Mediastinal lymph node dissection (MLND) through video-assisted thoracoscopic surgery (VATS) has been an aporia. It was one of the prime reasons that the effectiveness of VATS lung cancer surgery was queried, and no standardized procedure had been established. Several techniques of VATS MLND have been described concerning application of different instruments [cautery hook (CH), harmonic scalpel, Ultracision] (1-3). Cutting or crushing the target mediastinal lymph nodes (LNs) following the traditional grasping strategies was hard to be avoided. We developed a novel approach of non-grasping en bloc MLND (4), and this video depicted the right side VATS non-grasping en bloc MLND in detail.
General anesthesia is administered through double-lumen endotracheal intubation, and patients are placed in the appropriate lateral decubitus position. A three incisions approach was used. Observation incision is made in the 7th intercostal space (ICS) at the midaxillary line while a 3 cm main utility incision is made at the anterior axillary line in the 3rd ICS for the upper and middle lobe and in the 4th ICS for the lower lobe, and a 2 cm assistant utility incision is made in the 9th ICS posterior to the posterior axillary line. The surgeon and camera man stand in ventral side of the patient. Anatomical lobectomy is performed following the “single-direction” strategy as in our previous description (5). Lymphadenectomy is performed after lobectomy. Dissection of station 10, 11, and 12 is performed along with the lobectomy. The intralobar LNs (stations 13 and 14) were removed along with the resected lobe and dissected later by the surgeon himself. As recommended, we routinely dissect stations 2, 4, 7, 8, and 9 for right-side lobectomy. We use three main instruments to complete the MLND—endoscopic suction (ES), CH or ultrasonic scalpel (US). ES can be used as grasper and clean the surgical site. CH plays roles as dissector and sketches the “en bloc” boundary. US performs reliable and durable ligation of small lymphatic or blood vessels. During a right-side procedure the ES is inserted through the assistant utility incision while the CH or US was inserted through the main utility incision. Besides dissecting the target LNs, we dissect the total fat pad located among the anatomic landmarks of each station as a whole. In this video we focus on describing the right side MLND dealing with stations 2, 4 and 7 (Figure 1).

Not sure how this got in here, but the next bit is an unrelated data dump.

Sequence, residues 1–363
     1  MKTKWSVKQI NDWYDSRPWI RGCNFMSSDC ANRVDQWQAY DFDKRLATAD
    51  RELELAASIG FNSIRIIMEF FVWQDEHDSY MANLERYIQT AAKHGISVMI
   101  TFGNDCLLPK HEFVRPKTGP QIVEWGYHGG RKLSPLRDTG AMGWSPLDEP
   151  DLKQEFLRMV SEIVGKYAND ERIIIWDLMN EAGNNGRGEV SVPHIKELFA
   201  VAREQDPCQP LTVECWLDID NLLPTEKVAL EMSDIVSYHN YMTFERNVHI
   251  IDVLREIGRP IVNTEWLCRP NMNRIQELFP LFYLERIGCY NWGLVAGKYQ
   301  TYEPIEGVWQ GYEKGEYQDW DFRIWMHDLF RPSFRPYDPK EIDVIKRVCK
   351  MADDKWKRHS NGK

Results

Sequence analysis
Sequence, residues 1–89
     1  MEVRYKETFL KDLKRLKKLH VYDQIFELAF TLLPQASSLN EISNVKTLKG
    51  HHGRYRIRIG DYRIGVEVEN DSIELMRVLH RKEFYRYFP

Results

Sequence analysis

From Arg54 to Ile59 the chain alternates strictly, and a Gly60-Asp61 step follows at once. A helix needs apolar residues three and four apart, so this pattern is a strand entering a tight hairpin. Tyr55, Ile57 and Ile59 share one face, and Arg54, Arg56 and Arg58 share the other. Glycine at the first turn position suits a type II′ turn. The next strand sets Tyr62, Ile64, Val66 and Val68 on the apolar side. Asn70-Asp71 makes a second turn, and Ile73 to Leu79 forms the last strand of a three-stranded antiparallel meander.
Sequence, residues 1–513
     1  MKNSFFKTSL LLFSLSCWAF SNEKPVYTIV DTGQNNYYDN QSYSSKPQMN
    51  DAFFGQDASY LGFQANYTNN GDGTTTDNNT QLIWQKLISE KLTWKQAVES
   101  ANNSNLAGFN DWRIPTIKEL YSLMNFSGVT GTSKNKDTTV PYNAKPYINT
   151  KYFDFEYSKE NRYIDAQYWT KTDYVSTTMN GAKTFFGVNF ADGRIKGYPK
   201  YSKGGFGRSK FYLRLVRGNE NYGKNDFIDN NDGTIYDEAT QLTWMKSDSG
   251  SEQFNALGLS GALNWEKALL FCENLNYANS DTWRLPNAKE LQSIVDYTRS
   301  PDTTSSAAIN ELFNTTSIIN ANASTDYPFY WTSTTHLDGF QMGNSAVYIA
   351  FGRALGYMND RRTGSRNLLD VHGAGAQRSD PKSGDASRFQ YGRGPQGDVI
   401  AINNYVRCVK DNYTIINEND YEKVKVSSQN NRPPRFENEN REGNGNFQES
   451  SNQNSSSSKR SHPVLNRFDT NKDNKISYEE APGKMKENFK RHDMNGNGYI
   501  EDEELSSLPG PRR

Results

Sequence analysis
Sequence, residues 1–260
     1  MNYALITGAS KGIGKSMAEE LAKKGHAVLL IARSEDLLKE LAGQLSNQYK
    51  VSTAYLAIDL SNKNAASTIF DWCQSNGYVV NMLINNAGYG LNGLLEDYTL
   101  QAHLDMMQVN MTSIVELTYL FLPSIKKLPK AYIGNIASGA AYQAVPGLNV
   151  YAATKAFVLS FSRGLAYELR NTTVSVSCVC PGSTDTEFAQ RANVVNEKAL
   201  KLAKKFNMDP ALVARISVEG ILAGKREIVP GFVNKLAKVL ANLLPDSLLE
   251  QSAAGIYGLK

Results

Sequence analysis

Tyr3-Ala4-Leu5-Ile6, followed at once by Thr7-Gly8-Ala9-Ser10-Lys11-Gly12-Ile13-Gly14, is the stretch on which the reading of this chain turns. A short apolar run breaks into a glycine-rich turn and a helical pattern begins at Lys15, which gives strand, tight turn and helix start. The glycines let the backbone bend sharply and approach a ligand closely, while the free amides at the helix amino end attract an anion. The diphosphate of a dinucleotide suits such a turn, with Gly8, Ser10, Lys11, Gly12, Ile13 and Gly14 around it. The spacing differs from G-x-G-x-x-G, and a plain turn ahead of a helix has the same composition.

2R and 4R
The remnant lung is retracted toward the right posterior costophrenic corner using the thoracoscopic ring clamp from the assistant port to expose the anterosuperior mediastinum. First, we open the mediastinal pleura under the arch of azygos vein (AAV) by CH, and expose the regional landmarks: the AAV, superior vena cava (SVC), lower trachea, and proximal part of pulmonary artery (PA). With the help of ES, lower portion of the block right beneath AAV is hollowed out with US. Then, the mediastinal pleura above AAV is opened by CH along the shape of left-right flipped “L”. After that, the lower end of the block beneath the AAV will be flipped over the AAV and lifted by the ES. Next, the block is slightly pushed aside or lifted by the ES and dissected off the posterior border of the SVC, the lateral border of the ascending aorta (AA), and the anterior border of the trachea sequentially from the cephalic border of the azygos vein to the caudal border of the innominate artery. Finally, the block will be dissected longitudinally and anterior to the vagus nerve en bloc.